Just gotta say I'm thankful for the stories and advice shared here. We have been looking to buy for almost a year and have learned a lot in that time about brokers and not as advertised boats! Because of stories like the OPs and advice here on CF we have been looking only close to home, decided to be patient, and we are getting a better feel for the market and valuations. As we have looked at different boats and gotten more experience sailing our boat share this summer we have adjusted what we need/ want and I am more confident that when we do buy we will make a better decision. But the false advertising totally burns my butt! Too many stories like the OPs out there...
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Old 10-08-2013, 14:52   #34
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Re: Brokers and False Advertising

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Originally Posted by terminalcitygrl View Post
Just gotta say I'm thankful for the stories and advice shared here. We have been looking to buy for almost a year and have learned a lot in that time about brokers and not as advertised boats! Because of stories like the OPs and advice here on CF we have been looking only close to home, decided to be patient, and we are getting a better feel for the market and valuations. As we have looked at different boats and gotten more experience sailing our boat share this summer we have adjusted what we need/ want and I am more confident that when we do buy we will make a better decision. But the false advertising totally burns my butt! Too many stories like the OPs out there...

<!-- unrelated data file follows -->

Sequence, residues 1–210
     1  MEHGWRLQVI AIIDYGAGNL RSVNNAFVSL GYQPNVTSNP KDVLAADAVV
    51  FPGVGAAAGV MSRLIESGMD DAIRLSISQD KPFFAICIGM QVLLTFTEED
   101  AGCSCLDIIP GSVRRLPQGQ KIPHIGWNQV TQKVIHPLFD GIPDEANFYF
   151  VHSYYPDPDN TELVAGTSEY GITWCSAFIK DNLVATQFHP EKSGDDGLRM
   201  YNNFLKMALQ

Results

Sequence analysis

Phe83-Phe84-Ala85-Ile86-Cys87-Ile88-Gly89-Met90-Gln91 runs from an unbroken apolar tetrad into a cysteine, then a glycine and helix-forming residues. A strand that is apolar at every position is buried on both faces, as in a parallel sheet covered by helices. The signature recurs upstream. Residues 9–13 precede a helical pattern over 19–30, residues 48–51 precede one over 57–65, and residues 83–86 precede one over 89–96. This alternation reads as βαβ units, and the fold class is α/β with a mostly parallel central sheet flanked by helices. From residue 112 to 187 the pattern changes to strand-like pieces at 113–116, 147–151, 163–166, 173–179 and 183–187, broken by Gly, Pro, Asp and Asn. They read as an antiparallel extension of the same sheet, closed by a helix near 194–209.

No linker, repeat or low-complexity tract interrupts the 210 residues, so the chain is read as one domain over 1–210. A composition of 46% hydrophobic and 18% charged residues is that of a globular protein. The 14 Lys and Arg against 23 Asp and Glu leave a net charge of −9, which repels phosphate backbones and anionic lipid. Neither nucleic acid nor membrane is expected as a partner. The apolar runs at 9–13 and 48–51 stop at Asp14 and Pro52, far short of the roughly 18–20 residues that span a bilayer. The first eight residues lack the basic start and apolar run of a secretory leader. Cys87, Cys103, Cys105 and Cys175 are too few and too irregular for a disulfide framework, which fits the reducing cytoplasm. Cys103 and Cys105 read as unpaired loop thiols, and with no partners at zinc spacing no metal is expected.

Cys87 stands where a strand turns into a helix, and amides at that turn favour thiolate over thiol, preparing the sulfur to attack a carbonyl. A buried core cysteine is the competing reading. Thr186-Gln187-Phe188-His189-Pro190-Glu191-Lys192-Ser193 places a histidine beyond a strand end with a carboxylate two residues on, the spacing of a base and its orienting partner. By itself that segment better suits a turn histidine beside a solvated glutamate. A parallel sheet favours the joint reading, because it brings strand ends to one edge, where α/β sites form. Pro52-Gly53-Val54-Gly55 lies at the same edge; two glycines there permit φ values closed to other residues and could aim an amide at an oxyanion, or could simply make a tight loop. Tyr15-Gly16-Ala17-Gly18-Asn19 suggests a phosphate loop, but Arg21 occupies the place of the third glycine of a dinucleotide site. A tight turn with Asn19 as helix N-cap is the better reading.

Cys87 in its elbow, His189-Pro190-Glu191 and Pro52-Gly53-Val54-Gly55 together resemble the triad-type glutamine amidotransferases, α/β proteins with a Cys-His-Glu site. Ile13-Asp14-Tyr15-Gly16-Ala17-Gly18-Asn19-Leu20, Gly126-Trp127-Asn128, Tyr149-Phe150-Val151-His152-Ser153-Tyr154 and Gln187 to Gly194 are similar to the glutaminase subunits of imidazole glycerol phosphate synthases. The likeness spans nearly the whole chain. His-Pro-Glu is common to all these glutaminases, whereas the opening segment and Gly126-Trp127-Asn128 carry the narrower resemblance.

Agreed, there are too many stories like the OP's out there. I think too many people blame their lack of knowledge and lack of due diligence on others. Take the time to educate yourself and take responsibility for your own actions. If you don't qualify the broker, the boat, the surveyor then accept that consequence. Be the Master of your own Disaster.

You can go blindly in to buying a house , a car or choosing a doctor and when it does not work out you can blame them or ..............
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Old 10-08-2013, 15:38   #35
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Re: Brokers and False Advertising

Great advice, boatpoker! You, are the Master of your own Destiny. Unless you educate yourself, you will find yourself being taken advantage of. Another big advantage of learning the ins and outs of boats is you are able to converse with knowledgeable folks about your prospective purchase. That means you know the questions to ask a broker, owner, professional marine surveyor and mark yourself as one who expects straight answers. I've talked with many prospective boat buyers in clubs, restaurants and bars who come across as complete idiots by the questions they ask and the answers they give to probing questions.